On Sunday evening after Arsenal had completed a sweet revenge on Manchester United, which sent their faces into complete obscurity and staying away from social media, especially Facebook, for fear of being reminded of their pre-match bumptiousness, one phase of the electrical power in my house went off.
My house has three phases, and each platform has been assigned to specific gadgets in the house. Unfortunately for me one of the phases, which the television in the living room relies on, went off. It had earlier gone off, so I had to rely on commentary from the BBC 5Live to be able to listen to the remainder of the game, including the winning goal scored by in-form Eddie Nketiah.
I must confess that the brief VAR (Video Assistant Referee) checks got me nervous but that soon gave way to victory dance and laughter. After waiting an hour without power being restored, I swept the living room and mopped the floor. I then took the trash to the garbage container. Heading back into the living room, I could not locate a GH¢1 coin I had initially intercepted in the living room.
I surfed through the floor with both feet and even my hands, trying to locate the coin. I managed to get hold of it but the incident reminded me of a childhood memory – that we do not sweep in the night. There are different versions as to why we do not sweep in the night. I remember two. The first one was that anyone who sweeps in the night sweeps away his or her blessing. The second one was that sweeping in the night paved the way for ghosts to visit one in the dream, or even in the flesh.
As a child, I must confess I was very stubborn and gave my late mother endless troubles; the only way to tame me was telling me a ghost was going to visit me in my sleep. It was the trick and when my mother discovered that, she put it to good use. There was no electrical power connection to the family house where we lived, so the concept of ‘no sweeping in the night’ was unconsciously enforced.
The idea of not sweeping in the night entered my subconscious mind, and even when I entered university, for two years or so, I resisted the attempt of sweeping in the night. Even the very first day when I attempted sweeping my room, I waged a strong battle with my subconscious mind for hours.
But I summoned the courage and applied the broom to the floor. I went to bed in anticipation of seeing a ghost. I never saw one and that was the end of it. I called my mother and reminded her of what I had done, and even told her of how she got me to be at my best behaviour. She laughed and explained to me why that ‘taboo’ was trumpeted.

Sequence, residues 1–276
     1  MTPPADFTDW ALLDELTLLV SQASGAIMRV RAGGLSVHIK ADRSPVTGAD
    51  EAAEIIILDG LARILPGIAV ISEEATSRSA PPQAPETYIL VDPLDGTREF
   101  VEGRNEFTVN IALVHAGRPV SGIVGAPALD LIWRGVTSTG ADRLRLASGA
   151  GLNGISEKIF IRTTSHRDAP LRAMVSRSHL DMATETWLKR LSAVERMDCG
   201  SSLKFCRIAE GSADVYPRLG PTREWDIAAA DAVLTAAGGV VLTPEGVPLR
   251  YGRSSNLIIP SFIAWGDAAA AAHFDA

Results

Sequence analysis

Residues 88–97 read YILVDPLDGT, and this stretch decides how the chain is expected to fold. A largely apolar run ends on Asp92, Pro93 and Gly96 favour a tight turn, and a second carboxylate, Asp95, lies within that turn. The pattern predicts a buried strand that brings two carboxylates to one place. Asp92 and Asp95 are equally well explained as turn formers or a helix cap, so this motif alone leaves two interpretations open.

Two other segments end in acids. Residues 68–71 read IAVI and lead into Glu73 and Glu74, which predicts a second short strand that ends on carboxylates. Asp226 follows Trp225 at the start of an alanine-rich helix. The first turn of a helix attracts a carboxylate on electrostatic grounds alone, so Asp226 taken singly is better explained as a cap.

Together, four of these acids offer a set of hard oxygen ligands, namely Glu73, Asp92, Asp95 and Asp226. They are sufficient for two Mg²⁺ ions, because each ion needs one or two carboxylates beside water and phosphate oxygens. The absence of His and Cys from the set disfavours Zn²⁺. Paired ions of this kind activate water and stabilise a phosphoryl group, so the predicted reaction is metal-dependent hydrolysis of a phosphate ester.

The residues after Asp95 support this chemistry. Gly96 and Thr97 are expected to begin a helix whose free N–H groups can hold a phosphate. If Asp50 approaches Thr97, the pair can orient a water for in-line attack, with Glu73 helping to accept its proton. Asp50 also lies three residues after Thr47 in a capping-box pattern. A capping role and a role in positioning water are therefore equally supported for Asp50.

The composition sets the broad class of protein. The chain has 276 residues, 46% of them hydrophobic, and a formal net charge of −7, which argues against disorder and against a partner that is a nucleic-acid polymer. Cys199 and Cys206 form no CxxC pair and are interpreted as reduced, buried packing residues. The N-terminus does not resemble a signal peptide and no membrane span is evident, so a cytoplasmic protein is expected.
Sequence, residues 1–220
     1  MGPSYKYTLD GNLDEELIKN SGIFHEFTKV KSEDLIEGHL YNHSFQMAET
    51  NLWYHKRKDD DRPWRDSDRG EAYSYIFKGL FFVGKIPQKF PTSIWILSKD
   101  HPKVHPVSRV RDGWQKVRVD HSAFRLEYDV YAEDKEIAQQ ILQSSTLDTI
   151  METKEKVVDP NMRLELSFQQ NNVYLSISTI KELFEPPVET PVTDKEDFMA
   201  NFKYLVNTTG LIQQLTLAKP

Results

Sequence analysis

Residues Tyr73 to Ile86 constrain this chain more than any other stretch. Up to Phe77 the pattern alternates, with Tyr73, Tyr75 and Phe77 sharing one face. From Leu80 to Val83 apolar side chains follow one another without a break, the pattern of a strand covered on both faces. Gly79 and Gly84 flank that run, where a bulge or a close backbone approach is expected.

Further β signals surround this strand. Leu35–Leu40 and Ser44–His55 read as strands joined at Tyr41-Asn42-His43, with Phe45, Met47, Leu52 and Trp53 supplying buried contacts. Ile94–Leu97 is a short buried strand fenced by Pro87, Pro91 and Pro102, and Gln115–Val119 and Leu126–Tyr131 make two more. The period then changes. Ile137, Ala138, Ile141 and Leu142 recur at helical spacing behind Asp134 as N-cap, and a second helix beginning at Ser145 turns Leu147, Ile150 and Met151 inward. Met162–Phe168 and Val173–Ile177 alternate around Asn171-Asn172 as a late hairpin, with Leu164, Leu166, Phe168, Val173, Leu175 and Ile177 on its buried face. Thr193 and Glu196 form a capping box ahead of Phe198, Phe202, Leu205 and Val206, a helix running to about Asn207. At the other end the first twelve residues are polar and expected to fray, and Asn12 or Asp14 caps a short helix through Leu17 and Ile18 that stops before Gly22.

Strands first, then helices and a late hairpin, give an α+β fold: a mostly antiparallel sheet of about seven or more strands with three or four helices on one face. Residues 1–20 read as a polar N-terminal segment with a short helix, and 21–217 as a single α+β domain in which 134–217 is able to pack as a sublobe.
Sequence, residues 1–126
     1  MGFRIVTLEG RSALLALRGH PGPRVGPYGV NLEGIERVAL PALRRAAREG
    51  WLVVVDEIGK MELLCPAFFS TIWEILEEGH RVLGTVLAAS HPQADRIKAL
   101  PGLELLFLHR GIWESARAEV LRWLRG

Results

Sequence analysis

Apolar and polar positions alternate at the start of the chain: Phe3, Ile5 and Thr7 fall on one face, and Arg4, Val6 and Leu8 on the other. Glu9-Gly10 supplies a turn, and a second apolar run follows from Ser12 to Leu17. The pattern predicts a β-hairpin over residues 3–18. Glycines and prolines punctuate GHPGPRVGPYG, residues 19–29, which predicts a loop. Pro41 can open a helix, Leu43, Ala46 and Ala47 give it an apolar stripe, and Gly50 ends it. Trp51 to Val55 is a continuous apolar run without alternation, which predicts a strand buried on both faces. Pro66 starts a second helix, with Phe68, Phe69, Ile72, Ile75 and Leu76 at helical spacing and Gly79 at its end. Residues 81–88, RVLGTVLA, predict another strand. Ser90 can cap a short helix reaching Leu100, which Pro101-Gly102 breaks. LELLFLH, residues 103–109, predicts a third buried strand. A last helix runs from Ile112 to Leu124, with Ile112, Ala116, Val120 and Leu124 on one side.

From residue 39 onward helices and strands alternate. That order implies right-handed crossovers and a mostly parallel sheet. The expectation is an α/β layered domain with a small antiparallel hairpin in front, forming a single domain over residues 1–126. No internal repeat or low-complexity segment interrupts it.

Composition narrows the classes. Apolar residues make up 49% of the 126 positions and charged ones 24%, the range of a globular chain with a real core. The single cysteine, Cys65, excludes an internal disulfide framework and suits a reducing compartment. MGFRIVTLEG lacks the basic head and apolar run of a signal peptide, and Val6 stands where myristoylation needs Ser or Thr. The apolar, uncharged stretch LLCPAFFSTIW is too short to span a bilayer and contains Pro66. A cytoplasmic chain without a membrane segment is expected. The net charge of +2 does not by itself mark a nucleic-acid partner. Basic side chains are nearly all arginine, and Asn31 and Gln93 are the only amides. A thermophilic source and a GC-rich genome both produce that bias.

Again, as a child, I used to think people who live in Europe or America (I knew about only Britain, Canada, and the United States as the only countries in the west) do not die or even grow old. I was convinced within me that any Ghanaian who tasted any of these countries was going to live forever. I knew about a family who used to travel to Britain for holidays.
The husband used to keep his afro hair oily and was respected in the area. His children went to school carrying Fanta, which I drooled over for years. He was always travelling and anytime he came back, I thought of asking him if shaking his hand could give me a feel of Europe.
But I never had the courage to do that. It was only in my adult life I learnt he worked at Ghana Airways as a pilot. He died in 2005 at the age of 92. His children and grandchildren came down for the funeral. It was a celebration of life. His remains were laid in state and was fully clothed in his pilot outfit. I joined the long chain of mourners and when it got to my turn, I paused for some few minutes, looked at his face, mostly decorated with makeup, shook my head, and laughed.
This was the same man I thought was going to live forever just because he travelled to Britain. But in the living room of his two-story castle, his remains, packaged and decorated with a pilot outfit in a silver casket, was wheeled to a nearby cemetery.
As some of his family members openly wept and tossed themselves onto the floor – I knew most of the tears were more because the man was no longer alive for them to cream from him than they going to miss him – I took a look at a Volvo car he used to ride around town, used my eyes to surf around the compound, and quietly walked away with my takeaway of two balls of kenkey with fried fish and shito (black paper sauce), three pieces fish pie and a chilled Fanta – all in a black polythene bag.
I could not believe the very man I thought shaking his hand was going to make me live on earth forever, just because of his many trips to Britain, was no longer going to be seen by me or any of his relatives.
Nearly twenty years after his demise, the only lingering memory I have of him is a man sitting in a rocking chair in his porch on a Saturday afternoon, a glass of champagne on a coffee table, and the oily curls buried in the pages of the then People’s Daily Graphic, now the Graphic.